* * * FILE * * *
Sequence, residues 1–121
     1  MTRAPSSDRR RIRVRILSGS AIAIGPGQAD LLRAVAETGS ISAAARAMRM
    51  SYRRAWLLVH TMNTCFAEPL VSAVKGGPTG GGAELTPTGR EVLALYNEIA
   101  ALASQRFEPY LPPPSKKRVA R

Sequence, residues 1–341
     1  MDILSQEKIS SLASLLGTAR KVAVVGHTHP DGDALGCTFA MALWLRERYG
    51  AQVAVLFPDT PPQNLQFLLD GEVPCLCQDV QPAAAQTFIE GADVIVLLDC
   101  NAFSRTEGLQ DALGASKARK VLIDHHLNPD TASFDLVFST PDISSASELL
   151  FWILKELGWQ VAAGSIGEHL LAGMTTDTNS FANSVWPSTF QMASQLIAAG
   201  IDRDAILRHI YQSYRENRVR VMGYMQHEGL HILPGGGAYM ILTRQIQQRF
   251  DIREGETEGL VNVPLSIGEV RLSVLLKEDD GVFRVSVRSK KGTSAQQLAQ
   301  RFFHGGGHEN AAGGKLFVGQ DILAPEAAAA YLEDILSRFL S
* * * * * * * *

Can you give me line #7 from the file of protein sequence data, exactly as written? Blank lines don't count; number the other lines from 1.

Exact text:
    51  AQVAVLFPDT PPQNLQFLLD GEVPCLCQDV QPAAAQTFIE GADVIVLLDC